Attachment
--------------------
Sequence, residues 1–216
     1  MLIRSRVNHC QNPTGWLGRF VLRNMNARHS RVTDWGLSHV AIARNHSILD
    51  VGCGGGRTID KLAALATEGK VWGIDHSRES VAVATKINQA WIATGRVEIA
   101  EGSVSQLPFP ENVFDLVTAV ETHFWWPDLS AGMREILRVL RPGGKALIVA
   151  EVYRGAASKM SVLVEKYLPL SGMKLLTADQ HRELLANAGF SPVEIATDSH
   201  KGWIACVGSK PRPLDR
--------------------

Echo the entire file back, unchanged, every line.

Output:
Sequence, residues 1–216
     1  MLIRSRVNHC QNPTGWLGRF VLRNMNARHS RVTDWGLSHV AIARNHSILD
    51  VGCGGGRTID KLAALATEGK VWGIDHSRES VAVATKINQA WIATGRVEIA
   101  EGSVSQLPFP ENVFDLVTAV ETHFWWPDLS AGMREILRVL RPGGKALIVA
   151  EVYRGAASKM SVLVEKYLPL SGMKLLTADQ HRELLANAGF SPVEIATDSH
   201  KGWIACVGSK PRPLDR